"Court processes will also be expedited so landlords are able to swiftly and smoothly regain their property in the rare event of tenants falling into rent arrears"
Most people use section 21 to evict because the other methods for evicting none paying tenants aren't suitable. This is why I expect they have mentioned about expediting the court process in the event of none paying tenants.
If this part is true then we have little to worry about. Id like to see more information about how they will 'expedite the court process' for non paying tenants. I don't believe they will to be honest however and believe many landlords are going to get royally screwwwwwwwwwwwwwwwwwwwwwwwwwwed.
How are they going to expedite the process? That is the real question
Exactly Jacko. They're hardly going to prioritize eviction hearings, are they?
Agreed, it's just an easily said (but hard to do) solution to why LL's have been using S21.
A few months after it's been dragged through, we'll be reminded we already have S8...
So much for working in collaboration with the sector - we've just got ****** with no consultation.
NLA and RLA need to tie this up in the courts for years with judicial reviews at every possible stage.
DISCLAIMER just my personal opinion - for legal advice consult a qualified professional grown-up.
Any news when this is due to be implemented? I have some tenants who I will need to evict shortly
Sounds like an attempt at a vote winning PR stunt. If we’re able to evict for example when a tenant is in arrears or we want to sell using something equivalent to the accelerated procedure then it’s no big deal.
Of course the devils in the detail...
The review is very much due now that the PRS has got so large
So many pay their rent on time citizens on 2 months notice is disproportionally unfair on them
Its also unfair on the councils when they get mass Sec 21`s issued by big LL`s like Fergus Wilson
They just haven`t got the capacity to deal effectively with the homeless that knock on their doors
It must be horrible to have been settled as a family for 5 or 10 years and receive without warning a sec 21
But likewise its horrible to feel trapped in the PRS where Sec 24 means you cant pay your mortgage
If repossession looms because of tax increases then LL, tenant and the council suffer in unison
S24 = S21 = B&B
We deal with a people industry so we nor the tenants nor the gov should ride roughshod over each other
The PRS has got a great deal of power if it was in a position to act collectively
But the nature of our make up is we are in truth a very unconnected group of individuals
If we worked in a traditional factory our voice of 2 million would be very strong in shaping policy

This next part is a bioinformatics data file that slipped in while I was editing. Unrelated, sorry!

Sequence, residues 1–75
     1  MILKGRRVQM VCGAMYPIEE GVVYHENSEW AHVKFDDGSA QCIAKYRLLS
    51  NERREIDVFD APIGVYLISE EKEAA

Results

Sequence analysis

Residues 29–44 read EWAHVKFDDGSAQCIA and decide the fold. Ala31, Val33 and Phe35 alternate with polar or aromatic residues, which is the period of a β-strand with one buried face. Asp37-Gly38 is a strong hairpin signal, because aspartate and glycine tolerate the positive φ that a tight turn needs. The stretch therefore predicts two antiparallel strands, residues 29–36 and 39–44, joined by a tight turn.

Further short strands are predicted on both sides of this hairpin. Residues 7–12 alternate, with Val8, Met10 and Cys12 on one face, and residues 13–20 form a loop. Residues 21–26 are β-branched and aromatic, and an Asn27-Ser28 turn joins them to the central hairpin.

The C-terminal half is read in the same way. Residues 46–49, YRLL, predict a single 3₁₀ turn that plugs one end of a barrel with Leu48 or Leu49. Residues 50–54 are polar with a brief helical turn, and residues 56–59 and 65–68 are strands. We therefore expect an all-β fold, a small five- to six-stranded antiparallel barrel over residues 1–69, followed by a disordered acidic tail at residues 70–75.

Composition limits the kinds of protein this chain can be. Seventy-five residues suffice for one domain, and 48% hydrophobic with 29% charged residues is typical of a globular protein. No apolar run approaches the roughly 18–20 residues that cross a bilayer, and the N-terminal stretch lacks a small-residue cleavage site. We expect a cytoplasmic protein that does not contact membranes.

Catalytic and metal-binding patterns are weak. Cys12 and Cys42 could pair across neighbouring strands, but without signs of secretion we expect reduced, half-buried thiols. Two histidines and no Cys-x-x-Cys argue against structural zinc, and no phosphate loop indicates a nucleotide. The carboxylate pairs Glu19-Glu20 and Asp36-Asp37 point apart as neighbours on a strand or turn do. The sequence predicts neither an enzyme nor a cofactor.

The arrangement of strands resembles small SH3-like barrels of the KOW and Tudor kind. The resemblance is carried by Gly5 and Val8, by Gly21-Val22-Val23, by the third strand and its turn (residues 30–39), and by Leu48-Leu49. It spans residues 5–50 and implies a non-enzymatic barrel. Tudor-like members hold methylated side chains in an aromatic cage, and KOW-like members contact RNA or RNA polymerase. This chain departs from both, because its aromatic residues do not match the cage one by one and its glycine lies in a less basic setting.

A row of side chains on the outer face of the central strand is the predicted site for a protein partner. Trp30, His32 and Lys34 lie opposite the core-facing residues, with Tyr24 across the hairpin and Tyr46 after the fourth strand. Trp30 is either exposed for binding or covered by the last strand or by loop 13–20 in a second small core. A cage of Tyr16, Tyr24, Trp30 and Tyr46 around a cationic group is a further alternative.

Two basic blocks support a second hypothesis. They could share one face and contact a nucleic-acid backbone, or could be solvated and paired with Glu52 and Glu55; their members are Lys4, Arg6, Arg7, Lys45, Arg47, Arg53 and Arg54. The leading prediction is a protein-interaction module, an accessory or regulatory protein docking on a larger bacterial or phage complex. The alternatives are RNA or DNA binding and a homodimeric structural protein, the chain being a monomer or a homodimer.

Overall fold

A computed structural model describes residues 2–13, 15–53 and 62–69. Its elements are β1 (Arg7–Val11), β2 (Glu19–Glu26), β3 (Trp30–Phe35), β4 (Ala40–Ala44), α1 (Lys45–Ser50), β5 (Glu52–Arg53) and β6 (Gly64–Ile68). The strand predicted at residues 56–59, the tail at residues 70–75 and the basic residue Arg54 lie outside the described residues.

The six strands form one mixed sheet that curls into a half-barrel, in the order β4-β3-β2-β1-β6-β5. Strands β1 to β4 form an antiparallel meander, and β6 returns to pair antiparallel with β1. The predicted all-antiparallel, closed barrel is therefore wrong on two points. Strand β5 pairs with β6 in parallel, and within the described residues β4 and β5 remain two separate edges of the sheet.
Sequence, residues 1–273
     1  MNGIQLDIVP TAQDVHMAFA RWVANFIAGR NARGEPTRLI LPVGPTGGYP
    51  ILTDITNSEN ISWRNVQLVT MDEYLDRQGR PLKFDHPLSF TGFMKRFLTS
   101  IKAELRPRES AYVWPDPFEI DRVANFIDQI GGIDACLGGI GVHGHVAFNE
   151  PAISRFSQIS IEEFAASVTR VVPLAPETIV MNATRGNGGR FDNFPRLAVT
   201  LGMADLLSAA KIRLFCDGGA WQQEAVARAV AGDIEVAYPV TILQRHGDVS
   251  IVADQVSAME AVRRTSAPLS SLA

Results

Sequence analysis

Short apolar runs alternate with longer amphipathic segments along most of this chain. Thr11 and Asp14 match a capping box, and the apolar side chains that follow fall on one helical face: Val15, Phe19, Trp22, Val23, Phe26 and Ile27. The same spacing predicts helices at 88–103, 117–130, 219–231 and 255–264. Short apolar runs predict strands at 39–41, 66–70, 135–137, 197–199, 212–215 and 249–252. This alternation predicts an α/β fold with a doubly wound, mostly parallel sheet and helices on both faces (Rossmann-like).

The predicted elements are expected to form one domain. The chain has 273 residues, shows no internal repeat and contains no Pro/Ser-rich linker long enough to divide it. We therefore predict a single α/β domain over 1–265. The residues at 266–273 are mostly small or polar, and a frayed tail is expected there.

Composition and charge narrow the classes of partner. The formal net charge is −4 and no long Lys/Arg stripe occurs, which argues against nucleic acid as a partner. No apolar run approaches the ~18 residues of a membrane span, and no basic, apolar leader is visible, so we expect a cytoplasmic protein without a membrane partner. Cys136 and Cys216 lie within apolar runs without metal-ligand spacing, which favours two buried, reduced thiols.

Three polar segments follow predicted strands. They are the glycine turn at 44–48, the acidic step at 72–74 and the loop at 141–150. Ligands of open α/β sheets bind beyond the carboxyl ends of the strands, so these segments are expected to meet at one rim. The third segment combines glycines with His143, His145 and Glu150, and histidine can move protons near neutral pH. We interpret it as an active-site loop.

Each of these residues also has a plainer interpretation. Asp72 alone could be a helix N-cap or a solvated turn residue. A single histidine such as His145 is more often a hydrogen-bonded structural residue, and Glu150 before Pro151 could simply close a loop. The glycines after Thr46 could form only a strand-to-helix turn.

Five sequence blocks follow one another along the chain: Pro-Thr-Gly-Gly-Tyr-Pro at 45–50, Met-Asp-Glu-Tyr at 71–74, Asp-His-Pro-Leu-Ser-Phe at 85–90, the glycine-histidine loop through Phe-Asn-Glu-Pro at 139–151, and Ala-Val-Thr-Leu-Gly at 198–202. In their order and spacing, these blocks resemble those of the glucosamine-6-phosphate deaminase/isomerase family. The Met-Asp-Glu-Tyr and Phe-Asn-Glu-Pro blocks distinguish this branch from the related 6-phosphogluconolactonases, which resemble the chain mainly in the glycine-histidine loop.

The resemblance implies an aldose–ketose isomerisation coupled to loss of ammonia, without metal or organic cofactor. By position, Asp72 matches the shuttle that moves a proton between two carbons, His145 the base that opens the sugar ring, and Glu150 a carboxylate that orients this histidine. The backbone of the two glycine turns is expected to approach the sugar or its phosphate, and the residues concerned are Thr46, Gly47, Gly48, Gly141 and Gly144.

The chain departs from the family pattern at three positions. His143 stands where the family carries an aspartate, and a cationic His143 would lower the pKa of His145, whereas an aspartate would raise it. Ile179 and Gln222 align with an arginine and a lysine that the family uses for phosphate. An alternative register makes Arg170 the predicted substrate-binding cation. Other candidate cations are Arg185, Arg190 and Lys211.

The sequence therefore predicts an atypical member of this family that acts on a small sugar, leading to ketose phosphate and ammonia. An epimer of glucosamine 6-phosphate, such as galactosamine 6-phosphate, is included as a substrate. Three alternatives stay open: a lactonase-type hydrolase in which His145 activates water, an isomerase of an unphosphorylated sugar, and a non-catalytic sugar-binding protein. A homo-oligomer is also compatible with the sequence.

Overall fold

Our union would be influential and we could strike and work to rule etc to ensure our needs are met
We could also negotiate effectively .
Sec 24 was a wake up call which demonstrated how weak our hand is in reality
Sec 21 though demonstrates how strong our hand is in certain respects
So set up a Housing Court which works for all . My 4 initial asks are
1) Make S24 non retrospective so 1000`s of S21 are not even needed
2) Make losing the Sec 21 power non retrospective so 1000`s of S21`s are not issued today
3) Make the LHA to UC option work so 1000`s of S21 `s are not required
4) If I want to sell the gov should step in to buy with tenant in situ at a fair market rate
Jonathan Clarke. http://www.buytoletmk.com
That’s what you would like, what do you think you will actually get?
1) was hoping for reversal to be within 3 years of it kicking in like the Irish equivalent which didnt work either . But with Brexit it maybe 2021/2 now as they are very busy and it also depends who gets in gov next time and who the leader is . If the homeless charities actually start to value us then we can work together against Gov but that will need a political agenda change in their top brass
2) yes hope for some transitional arrangement like s24 but if not LL`s will use whatever recourse they have to thrive and survive including just selling and making more and more people homeless . If they stop me selling as well but still throttle me with S24 then legal challenges with be made and win the day i believe . If the landscape changes too much and breaking point is hit ( like the environmentalist are doing at the moment) formerly peaceful people are moved to take initially peaceful but direct action. If that fails then you get more and more unrest with stuff like the poll tax riots and the miners strike which no one wants or needs really .
3) They will make it work in time I think but not before much more pain has been caused and many LL`s are lost
4) This i believe will happen and is starting to happen according to my sources . This is good news as it may well solve many of the built up tensions and issues with 1) 2) and 3) above in one clean sweep .
The result will be a much leaner, fitter , better regulated and respected PRS
Tiger Woods turned it around . The PRS is next on the list
1) I don’t think S24 will be made non retrospective, possibility the additional stamp duty will be tweaked as I think that would be less expensive for the government and would also encourage investors with cash available to come back into the market.
2) I think there is a possibility that it will only apply to new tenancies.
3) I think they will continue to invest to get this right, the principle of UC is supported but it’s introduction has been a mess.
4) This is the interesting one, yes there does appear to be a movement towards buying up properties, both new and landlords’ properties and I expect it to continue, I also think that housing associations could be given large chunks of money to buy up entire new build developments with these being split between social housing, affordable rents and market rents.